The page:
Since discovering daguerreotypes in a dusty attic in his childhood home, Raphaël Jaimes-Branger has been fascinated with the early photographic method. Their silvery surfaces captivated his imagination, leading to an adulthood search to replicate the daguerreotype’s physical properties without the use of harmful chemicals.
Daguerreotypes, the first publicly available form of photography, were developed by French artist Louis Daguerre in 1839. The process involved a highly polished silver-plated sheet of copper, treated with a light-sensitive substance that would be exposed to light, then developed with mercury fumes, and finally sealed within an enclosure to protect its delicate surface.
In this Childs Gallery exhibition, on view in Boston, Jaimes-Branger pays tribute to this process via a technique of his own invention, without the possible fatal consequences of mercury exposure. Through a process the artist dubs “xylotype,” an image is transferred using xylol onto an acrylic sheet that has been églomisé with silver leaf. The resulting image mimics the look of an early daguerreotype. Jaimes-Branger further heightens the effect by mounting the xylotype in a double frame with hand embossed velvet on the left panel and the image on the right, a structure reminiscent of those originally used to house fragile daguerreotypes.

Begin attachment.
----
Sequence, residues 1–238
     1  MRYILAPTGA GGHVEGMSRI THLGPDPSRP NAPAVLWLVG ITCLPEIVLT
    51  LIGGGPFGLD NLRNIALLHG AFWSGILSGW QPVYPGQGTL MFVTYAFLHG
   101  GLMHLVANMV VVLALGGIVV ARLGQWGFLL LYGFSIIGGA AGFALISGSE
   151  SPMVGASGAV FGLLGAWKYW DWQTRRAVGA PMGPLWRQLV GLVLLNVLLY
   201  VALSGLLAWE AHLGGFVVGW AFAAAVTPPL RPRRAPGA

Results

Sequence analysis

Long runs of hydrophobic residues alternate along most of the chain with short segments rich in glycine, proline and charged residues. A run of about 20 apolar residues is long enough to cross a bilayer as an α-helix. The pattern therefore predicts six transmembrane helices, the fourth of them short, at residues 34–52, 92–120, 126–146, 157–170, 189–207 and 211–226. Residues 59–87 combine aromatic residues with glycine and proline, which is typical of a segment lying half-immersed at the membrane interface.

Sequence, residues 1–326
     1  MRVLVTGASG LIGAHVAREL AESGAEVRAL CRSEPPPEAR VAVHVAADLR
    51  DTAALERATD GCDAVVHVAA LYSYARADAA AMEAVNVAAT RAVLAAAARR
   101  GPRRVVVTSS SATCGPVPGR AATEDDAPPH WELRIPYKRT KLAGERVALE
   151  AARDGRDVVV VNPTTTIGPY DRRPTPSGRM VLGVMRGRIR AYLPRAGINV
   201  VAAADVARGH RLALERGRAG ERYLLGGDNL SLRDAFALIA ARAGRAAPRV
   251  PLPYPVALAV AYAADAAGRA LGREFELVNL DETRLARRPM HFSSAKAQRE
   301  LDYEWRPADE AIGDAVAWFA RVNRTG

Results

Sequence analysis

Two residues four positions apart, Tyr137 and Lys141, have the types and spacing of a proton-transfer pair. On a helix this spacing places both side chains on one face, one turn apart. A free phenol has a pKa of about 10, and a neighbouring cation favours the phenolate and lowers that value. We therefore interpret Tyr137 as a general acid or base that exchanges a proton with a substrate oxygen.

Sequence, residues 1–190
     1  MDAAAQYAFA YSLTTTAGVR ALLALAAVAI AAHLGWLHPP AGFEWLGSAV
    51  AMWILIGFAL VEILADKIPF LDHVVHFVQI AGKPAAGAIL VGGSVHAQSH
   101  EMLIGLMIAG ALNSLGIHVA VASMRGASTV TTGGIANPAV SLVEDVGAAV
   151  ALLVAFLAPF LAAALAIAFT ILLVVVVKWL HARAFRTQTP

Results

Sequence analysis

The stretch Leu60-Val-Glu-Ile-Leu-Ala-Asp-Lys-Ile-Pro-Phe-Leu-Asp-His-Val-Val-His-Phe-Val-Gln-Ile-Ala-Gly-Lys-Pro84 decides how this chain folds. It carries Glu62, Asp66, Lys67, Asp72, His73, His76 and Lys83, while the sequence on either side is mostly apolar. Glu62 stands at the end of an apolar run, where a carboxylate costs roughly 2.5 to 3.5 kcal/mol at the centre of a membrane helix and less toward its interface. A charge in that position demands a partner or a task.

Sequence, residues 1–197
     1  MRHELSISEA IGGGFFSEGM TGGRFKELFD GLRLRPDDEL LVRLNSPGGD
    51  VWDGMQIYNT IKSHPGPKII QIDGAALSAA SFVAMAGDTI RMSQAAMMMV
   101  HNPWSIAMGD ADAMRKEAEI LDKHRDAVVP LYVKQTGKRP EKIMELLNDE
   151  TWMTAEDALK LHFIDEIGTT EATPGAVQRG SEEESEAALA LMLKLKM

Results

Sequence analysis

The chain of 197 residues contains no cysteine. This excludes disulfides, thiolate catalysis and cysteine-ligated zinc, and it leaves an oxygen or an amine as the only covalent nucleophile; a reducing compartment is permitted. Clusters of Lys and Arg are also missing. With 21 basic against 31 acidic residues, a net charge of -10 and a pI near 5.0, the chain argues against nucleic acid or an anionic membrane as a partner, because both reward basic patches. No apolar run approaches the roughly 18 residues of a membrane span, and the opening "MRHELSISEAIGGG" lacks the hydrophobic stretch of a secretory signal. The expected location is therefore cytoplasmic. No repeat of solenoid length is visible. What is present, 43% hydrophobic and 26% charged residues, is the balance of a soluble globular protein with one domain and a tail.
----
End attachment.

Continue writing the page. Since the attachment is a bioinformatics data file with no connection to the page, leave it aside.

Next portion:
Jaimes-Branger’s choice of subject matter, art and architecture, reflects his desire to indulge in beauty for beauty’s sake as a reprieve from today’s tumultuous political climate. For inspiration, he looks both at home and abroad. Familiar landmarks include Boston’s Old South Church and the Emancipation Memorial in Park Square. The exterior statues of the Palais Garnier, Paris’ famed opera house, are also treated to the artist’s silvery ghostly rendering. Each image is paired with a panel of hand embossed velvet, distressed just enough as to complete the illusion of a time-worn treasure. The overall effect of looking upon Jaimes-Branger’s works is that of remembering; his images seemingly conjure memories of beautiful places that feel foggy or half-forgotten. Though contemporary, innovative pieces, they read as relics from another era.
Jaimes-Branger’s artwork basks in the grace of public art and monuments, works created to embellish urban areas and enhance the quality of daily life for everyday citizens, while also embracing the sentimentality of photographs. By bridging photography, an early socially-equalizing art, and public works intended to uplift the common man, Monumental, An Homage to Louis Daguerre celebrates beauty that is accessible to us all.
The artist will be present at the opening reception, held Wednesday, May 22, from 6 to 8pm.